Empowering children to be prepared

Although two years had already passed, Mae Antonette still remembers how the earthquake shook her home and her playground.

Type: Story

Empowering children to be prepared

Mae Antonette, 12, from Busao Elementary School, was among thousands of children who experienced first-hand the 7.2 magnitude earthquake in Bohol in 2013. Although two years had already passed, Mae Antonette still remembers how the earthquake shook her home and her playground. The effect of the earthquake was further aggravated when Typhoon Seniang hit the area and caused massive flooding in 2014.

“During the earthquake, I was very afraid since it was the first time for me to experience such calamity. I remember panicking and not knowing what to do,” Mae Antonette reminisced.

After the earthquake, many humanitarian organizations provided support to Mae Antonette’s community, including Save the Children, one of the first and longest-running organizations on the ground when the earthquake hit. Under Save the Children’s disaster risk reduction project, Mae Antonette is one of the student members of the 25 school disaster risk reduction management groups and student brigades that are now in charge of campaigning, promoting and implementing relevant plans on disaster risk reduction and climate change adaptation.

“When I attended trainings and seminars by Save the Children, I learned what to do during an earthquake– duck, cover and hold and to be sure hide under a strong table,” she shared.

“We regularly have drills in school and after listening to the discussion on DRRM (disaster risk reduction management), I stopped playing with fire because I learned that it is very dangerous and will put the school and our house at risk of fire. After the flood, we decided to move out of our old house which is located in a low lying area and moved to safer and higher grounds because we realized that our risk is very high if we continue to live in the flood-prone area of the community,” Mae Antonette added.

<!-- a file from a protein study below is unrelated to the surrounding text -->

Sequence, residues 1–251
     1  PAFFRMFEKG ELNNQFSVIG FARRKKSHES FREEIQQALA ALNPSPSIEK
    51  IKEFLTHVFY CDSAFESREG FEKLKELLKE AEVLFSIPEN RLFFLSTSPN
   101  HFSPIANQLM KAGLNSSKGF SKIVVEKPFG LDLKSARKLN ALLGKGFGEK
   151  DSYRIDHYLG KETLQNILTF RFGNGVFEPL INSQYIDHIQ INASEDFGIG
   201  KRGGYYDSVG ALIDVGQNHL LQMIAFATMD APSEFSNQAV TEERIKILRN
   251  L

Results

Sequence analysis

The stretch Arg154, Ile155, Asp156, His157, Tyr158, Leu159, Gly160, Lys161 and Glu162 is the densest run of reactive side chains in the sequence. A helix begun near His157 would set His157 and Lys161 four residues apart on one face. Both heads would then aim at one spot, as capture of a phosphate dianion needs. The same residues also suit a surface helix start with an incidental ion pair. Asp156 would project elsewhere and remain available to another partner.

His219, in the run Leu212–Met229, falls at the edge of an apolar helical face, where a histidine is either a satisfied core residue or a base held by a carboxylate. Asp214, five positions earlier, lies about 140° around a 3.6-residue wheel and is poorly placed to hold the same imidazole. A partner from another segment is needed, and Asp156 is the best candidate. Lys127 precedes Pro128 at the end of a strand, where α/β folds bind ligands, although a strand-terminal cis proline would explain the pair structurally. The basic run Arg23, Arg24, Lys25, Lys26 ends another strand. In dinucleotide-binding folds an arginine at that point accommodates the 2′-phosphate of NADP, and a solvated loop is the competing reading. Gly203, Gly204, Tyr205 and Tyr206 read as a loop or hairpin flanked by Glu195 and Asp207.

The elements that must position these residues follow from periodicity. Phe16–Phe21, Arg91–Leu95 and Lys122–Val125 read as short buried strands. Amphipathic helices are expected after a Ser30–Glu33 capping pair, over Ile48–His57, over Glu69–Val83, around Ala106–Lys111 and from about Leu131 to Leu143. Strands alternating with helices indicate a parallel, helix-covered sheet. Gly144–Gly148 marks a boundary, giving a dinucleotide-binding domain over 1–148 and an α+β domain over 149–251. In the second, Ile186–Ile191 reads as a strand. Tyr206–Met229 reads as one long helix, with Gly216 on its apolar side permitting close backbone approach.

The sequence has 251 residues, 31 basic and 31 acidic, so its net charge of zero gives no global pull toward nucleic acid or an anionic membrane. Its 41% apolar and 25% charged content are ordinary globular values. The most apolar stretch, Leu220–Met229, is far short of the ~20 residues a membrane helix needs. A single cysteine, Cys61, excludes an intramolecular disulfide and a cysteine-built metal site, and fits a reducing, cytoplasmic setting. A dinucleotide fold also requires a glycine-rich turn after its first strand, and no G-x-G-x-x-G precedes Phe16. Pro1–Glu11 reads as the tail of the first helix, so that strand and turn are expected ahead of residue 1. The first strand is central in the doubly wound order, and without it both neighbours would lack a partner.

Learning from experience and backed up by technical training on disaster preparedness, Mae Antonette believes she is now better prepared for a typhoon or an earthquake.

“I have an emergency “Go-bag” with me at home, which I check from time to time as my preparation. I learned these from the training. My “Go-Bag” contains over the counter medicines for fever and for pain. There is also medicine for my younger sister and mother. It used to have canned goods and noodles, but we’ve cooked it for now. We just replenish the perishables from time to time. The important documents such as our birth certificates and school records are now kept in a plastic envelope, too.”

Over 500 other teachers and students were trained with Mae Antonette on participatory hazards, vulnerability, capacity and assessments as well as basic disaster risk reduction concepts. The inputs from these training sessions will be used in the school and community’s contingency and disaster risk reduction management planning process as well as the next school improvement plan.

Save the Children ensures the sustainability and continuity of its projects. Mae Antonette, 12, was also provided training on facilitation so she can share what she learned to her fellow pupils.

“I was given the chance to be a facilitator and I was given training to become a good facilitator. It felt good and I enjoyed doing it. I feel empowered. I feel like I am not a little girl anymore and that I have a responsibility. I still feel shy and challenged when I am in front of many people sometimes, but I am now the leader of our School Disaster Risk Reduction Management Group.”

“I make sure that I have a very interactive discussion when I discuss about DRRM in our class so it will not be boring. After the discussion, I think it is more effective and enjoyable if there is an activity, such as role playing sessions,” she added.

More than two years after a 7.2 magnitude earthquake hit Bohol, Save the Children continues to provide support to children and their families who have been affected by the disaster. Through funding from the Prudence Foundation, Save the Children is implementing a disaster preparedness project in two municipalities, Maribojoc and Loon. The organization works with the Department of Education and local government units in improving knowledge, building resilience and strengthening local capacities to implement child centred disaster risk reduction in schools and surrounding communities.

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